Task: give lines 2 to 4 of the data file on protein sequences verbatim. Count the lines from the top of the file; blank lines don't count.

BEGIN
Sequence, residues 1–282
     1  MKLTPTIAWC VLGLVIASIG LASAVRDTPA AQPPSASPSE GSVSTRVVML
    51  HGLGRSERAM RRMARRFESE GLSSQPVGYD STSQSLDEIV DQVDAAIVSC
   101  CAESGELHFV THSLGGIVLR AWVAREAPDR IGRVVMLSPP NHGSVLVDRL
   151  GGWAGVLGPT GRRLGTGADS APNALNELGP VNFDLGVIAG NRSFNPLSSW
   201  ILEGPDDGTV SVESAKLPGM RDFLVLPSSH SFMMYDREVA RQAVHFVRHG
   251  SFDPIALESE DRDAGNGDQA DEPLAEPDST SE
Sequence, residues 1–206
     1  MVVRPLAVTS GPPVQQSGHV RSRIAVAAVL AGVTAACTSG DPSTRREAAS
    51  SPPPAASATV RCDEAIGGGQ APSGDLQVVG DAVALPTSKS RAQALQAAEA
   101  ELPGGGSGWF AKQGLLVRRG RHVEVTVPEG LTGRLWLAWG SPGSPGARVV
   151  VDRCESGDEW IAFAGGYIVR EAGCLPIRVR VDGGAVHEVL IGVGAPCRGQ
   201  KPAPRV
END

     1  MKLTPTIAWC VLGLVIASIG LASAVRDTPA AQPPSASPSE GSVSTRVVML
    51  HGLGRSERAM RRMARRFESE GLSSQPVGYD STSQSLDEIV DQVDAAIVSC
   101  CAESGELHFV THSLGGIVLR AWVAREAPDR IGRVVMLSPP NHGSVLVDRL